Annie and Ben are playing a game with a calculator. Strike it Out game for an adult and child. Algebra in the New Curriculum Age 5 to 11 This feature includes articles and tasks which will support you in encouraging algebraic thinking throughout primary school. This article looks at how models support mathematical thinking about numbers and the number system. There are also nine houses, three of each colour.
Nim-7 game for an adult and child. Can you stop your partner from being able to go? I’m Eight Age 5 to 11 Challenge Level: And how do you know you’ve found them all? Can you find a pair of numbers that has four odds between them? In the second article, Jennie offers you practical ways to investigate aspects of your classroom culture and in the third article, she suggests three ways in which we can support children in becoming competent problem solvers. How many pairs is that?
Set your own level of challenge, practise your table skills and beat your previous best score.
This article for teachers describes how modelling number properties involving multiplication using an array of objects not only allows children to represent their thinking with concrete materials.
Arrays, Multiplication and Division Age 5 to 11 This article explores the use of the array to support children’s thinking around multiplication and division. Age 5 to 11 Becoming a mathematical problem solver really is the point of doing mathematics, so this article offers ideas and strategies to ensure that every lesson can be a problem solving lesson.
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Most primary teachers are not maths specialists. What do you notice? And how do you know you’ve found them all? Age 5 to 7 Conjecturing and Generalising at KS1 The tasks in this collection encourage lower primary children to conjecture and generalise. Some additional activities to develop children’s understanding of addition and subtraction of number through playing with number. The tasks in this collection encourage upper primary children to conjecture and generalise.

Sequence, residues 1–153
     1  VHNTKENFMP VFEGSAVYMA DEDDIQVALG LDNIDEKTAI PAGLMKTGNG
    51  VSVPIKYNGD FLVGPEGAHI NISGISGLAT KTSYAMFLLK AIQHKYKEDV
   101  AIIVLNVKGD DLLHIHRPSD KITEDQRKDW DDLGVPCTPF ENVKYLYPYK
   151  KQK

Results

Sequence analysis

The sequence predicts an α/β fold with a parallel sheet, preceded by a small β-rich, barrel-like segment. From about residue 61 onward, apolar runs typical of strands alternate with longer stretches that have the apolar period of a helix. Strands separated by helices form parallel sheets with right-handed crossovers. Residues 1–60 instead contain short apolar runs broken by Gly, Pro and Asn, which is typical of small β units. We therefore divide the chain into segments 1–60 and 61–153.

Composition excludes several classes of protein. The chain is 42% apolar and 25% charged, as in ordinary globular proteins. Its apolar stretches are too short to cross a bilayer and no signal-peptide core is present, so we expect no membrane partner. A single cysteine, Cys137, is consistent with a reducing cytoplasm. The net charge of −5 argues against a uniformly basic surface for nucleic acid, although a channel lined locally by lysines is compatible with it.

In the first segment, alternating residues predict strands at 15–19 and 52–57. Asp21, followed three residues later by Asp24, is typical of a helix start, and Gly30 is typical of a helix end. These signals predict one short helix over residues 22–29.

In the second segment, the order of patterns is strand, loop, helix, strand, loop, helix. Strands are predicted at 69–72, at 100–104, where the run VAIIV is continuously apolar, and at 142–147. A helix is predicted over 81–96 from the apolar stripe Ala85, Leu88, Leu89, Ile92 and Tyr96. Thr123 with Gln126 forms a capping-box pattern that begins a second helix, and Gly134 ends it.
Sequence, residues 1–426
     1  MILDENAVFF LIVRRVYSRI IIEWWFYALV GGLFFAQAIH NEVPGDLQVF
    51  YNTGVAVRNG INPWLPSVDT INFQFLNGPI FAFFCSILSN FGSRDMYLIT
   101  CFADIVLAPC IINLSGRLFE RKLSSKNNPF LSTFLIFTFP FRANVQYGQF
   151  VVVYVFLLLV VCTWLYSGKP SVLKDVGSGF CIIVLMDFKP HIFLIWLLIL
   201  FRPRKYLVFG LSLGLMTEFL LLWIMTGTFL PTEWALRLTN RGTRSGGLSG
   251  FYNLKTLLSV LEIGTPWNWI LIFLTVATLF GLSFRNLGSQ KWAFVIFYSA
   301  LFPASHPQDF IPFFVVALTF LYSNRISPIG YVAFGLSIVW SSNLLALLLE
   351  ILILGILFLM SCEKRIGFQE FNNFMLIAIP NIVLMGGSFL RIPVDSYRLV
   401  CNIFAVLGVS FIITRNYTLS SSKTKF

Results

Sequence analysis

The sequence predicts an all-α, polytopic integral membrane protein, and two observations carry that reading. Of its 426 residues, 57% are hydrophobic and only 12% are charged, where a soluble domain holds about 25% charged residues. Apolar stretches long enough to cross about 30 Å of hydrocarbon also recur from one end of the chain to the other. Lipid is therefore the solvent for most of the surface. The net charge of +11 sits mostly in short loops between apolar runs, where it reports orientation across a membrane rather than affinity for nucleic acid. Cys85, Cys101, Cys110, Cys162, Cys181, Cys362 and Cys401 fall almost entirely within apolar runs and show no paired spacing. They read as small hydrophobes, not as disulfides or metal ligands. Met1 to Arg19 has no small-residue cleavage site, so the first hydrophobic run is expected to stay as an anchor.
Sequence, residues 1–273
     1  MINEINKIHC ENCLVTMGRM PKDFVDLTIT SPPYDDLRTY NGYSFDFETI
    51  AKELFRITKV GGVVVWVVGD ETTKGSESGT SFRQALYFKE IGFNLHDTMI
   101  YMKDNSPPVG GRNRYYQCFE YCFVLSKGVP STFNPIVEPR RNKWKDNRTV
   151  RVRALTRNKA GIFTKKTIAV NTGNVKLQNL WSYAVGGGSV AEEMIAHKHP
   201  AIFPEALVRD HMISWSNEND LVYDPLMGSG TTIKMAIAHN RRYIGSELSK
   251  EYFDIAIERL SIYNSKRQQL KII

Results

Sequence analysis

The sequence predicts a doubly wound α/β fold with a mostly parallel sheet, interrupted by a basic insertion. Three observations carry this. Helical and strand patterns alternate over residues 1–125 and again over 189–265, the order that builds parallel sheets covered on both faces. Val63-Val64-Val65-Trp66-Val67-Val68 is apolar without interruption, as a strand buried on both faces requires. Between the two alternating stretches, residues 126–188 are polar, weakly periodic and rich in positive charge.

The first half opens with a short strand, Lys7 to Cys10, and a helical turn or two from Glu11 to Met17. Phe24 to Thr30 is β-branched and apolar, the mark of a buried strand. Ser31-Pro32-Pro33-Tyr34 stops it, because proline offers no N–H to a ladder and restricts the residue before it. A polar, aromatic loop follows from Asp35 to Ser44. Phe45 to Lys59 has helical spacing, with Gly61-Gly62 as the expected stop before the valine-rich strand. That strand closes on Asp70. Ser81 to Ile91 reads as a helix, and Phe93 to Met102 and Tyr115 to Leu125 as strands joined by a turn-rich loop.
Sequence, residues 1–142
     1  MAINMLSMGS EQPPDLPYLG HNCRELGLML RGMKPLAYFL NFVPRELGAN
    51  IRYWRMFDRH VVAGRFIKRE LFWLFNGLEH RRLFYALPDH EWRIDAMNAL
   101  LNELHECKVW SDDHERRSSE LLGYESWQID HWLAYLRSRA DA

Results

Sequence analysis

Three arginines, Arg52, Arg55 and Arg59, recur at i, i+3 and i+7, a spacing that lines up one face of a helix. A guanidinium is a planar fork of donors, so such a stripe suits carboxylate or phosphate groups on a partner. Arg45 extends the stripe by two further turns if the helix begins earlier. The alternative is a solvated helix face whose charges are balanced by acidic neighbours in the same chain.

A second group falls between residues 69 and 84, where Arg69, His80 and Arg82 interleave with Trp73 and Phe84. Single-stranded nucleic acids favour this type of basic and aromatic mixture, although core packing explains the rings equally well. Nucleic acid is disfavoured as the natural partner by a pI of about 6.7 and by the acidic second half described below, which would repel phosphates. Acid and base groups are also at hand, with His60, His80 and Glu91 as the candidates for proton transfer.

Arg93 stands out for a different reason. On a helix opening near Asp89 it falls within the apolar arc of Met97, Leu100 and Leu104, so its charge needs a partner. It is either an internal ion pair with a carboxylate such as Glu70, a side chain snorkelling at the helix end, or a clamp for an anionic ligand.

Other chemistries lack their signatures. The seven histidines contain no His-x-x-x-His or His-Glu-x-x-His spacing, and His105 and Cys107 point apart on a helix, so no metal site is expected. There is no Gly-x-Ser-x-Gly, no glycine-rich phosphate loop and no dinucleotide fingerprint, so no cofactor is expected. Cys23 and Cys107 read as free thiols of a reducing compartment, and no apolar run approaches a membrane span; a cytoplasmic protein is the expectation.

Number Arrays Age 5 to 11 This article for teachers describes how number arrays can be a useful reprentation for many number concepts. In Sam and Jill’s garden there are two sorts of ladybirds with 7 spots or 4 spots. These activities focus on finding all possible solutions so working in a systematic way will ensure none are left out.
These activities lend themselves to probkem working in the sense that it helps to have an ordered approach. A Sense of ‘ten’ and Place Value Age 5 to 7 Once a basic number sense has developed for numbers up to ten, a strong ‘sense of ten’ needs to be developed as a foundation for both place value and mental calculations.
Alf describes how the Gattegno chart helped a class of year olds gain an awareness of place value and of the inverse relationship between multiplication and division. Interactives – Lower Primary Proble 5 to 7 Try these interactives to improve your skills in a variety of topics.
Bloom’s Taxonomy Age 5 to 16 Bloom’s taxonomy. How could you extend your pattern on the right-hand grid? In this article for primary teachers, Lynne McClure outlines what is meant by fluency in the context of number and explains how our selection of NRICH tasks can help.
The tasks in this collection encourage lower primary children multiiplication look deeper ssolving multiplication and division. Choose four of the numbers from 1 to 9 to put in the squares so that the differences between joined squares are odd. Nim-7 game for prblem adult and child. Double Trouble Age 3 to 5 Doubling numbers. Number Age 5 to 7 Here are some exciting activities where you can use numbers in lots of different ways!
Working Systematically at KS1
How many ways can you find to do up all the priblem Opening up Problems Age 5 to 16 All types of mathematical problems serve a useful purpose in mathematics teaching, but different types of problem will achieve different learning objectives. Remove Filters Filter by resource type problems games articles general resources Lists.
Can you match the cards? Annie and Ben are playing a game with a calculator.
Multiplication and Division KS1
This investigates one particular property of number by looking closely at an example of adding multiplicahion odd numbers together. How many pairs is that?
Multiplication and Division Age 5 to 7 These lower primary tasks will help you to think about multiplication and division. What was Annie’s secret number?